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Media Advisory

For immediate use

Nov. 27, 2006 -- No. 561

Red Springs, Bladenboro and Elizabethtown students
to get hands-on lesson aboard UNC's science bus

Media representatives are invited to climb aboard Discovery, one of the traveling science laboratories in the University of North Carolina at Chapel Hill's Destiny science learning program, when it visits high schools in Red Springs, Bladenboro and Elizabethtown this week.

Tuesday (Nov. 28)
8 a.m. to 9:45 a.m.
11:30 a.m. to 1:30 p.m.
Red Springs High School
509 N. Vance Street, Red Springs

Students from one of Melodi Lowery's science, health and you classes and one of Erin Oxendine's biology classes will perform a lab exercise called Mystery of the Crooked Cell. Students will discover the molecular basis of sickle cell disease by using gel electrophoresis as a diagnostic tool to differentiate normal hemoglobin from hemoglobin found in individuals with sickle cell disease.

Wednesday (Nov. 29)
8 a.m. to 9:30 a.m.
11:41 a.m. to 1:20 p.m.
1:25 p.m. to 2:55 p.m.
West Bladen High School
1600 NC Highway 410, Bladenboro

Students from Pam Roberts' and Ruby Stephens' biology classes will perform a lab exercise called Case of the Crown Jewels. Students will assume the role of forensic scientists and perform DNA restriction analysis (popularly known as DNA fingerprinting) to analyze drops of blood and other kinds of evidence found at crime scenes as they determine which suspects are guilty or innocent.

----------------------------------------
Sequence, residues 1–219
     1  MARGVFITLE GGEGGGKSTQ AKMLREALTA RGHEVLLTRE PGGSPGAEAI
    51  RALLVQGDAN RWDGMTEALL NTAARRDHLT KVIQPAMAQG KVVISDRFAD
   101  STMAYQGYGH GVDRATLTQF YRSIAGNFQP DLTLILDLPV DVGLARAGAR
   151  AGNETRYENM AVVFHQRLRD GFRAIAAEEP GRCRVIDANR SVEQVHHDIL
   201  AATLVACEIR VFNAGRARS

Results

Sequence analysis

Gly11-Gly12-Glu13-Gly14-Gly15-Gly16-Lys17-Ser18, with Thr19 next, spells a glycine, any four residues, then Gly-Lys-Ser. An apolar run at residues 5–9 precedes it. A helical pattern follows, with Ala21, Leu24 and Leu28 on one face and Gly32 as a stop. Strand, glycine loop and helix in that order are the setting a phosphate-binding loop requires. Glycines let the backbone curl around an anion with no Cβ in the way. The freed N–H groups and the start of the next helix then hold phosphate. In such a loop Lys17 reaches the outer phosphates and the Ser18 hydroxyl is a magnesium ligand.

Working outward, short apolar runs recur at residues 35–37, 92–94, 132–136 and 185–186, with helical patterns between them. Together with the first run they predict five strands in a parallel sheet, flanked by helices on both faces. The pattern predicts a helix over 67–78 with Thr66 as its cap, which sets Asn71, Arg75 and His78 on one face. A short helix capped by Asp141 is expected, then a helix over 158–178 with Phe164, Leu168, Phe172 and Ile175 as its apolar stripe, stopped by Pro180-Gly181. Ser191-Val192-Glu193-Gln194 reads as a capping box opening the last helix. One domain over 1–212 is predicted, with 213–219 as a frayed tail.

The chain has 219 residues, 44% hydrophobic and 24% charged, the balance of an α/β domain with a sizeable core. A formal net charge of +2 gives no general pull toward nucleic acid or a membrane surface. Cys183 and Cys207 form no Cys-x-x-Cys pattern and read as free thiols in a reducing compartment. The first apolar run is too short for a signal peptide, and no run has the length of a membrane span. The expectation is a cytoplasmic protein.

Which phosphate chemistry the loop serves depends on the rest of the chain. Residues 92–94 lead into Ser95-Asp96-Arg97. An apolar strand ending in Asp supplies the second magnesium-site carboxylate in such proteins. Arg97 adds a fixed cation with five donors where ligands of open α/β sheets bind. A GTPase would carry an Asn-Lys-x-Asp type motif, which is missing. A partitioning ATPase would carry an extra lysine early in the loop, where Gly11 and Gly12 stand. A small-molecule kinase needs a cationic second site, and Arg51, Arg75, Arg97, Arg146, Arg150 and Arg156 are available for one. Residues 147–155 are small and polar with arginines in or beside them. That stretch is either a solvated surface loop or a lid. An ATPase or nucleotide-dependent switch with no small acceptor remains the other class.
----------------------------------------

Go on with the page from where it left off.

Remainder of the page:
Thursday (Nov. 30)
9:45 a.m. to 11:15 a.m.
11:50 a.m. to 1:20 p.m.
1:30 p.m. to 2:55 p.m.
East Bladen High School
5600 NC Highway 87 East, Elizabethtown

Students from Cheryl West's and Stephanie Hester's biology classes will perform a lab exercise called Case of the Crown Jewels. Students will assume the role of forensic scientists and perform DNA restriction analysis (popularly known as DNA fingerprinting) to analyze drops of blood and other kinds of evidence found at crime scenes as they determine which suspects are guilty or innocent.

The Destiny traveling science learning program is Morehead Planetarium and Science Center's formal science education initiative serving pre-college teachers and students across North Carolina. The program develops and delivers a standards-based, hands-on curriculum and teacher professional development with a team of educators and a fleet of vehicles that travel throughout the state.

Destiny and Discovery, two custom-built, 40-foot, 33,000-pound buses, bring the latest science and technology equipment to students who otherwise would not see a high-tech laboratory or what a career in science can offer. The modules described above are among 13 offered as part of Destiny's curriculum. All of Destiny's modules are aligned with the N.C. Standard Course of Study.

The science buses are a powerful visual images that heighten public awareness of the importance of and funding necessary for quality science education. Destiny first hit the road in 2000.

For more information, go to http://www.destiny.unc.edu.

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Destiny contact: Claire Bury, (919) 843-5915 or bury@unc.edu
News Services contact: Becky Oskin, (919) 962-8596 or becky_oskin@unc.edu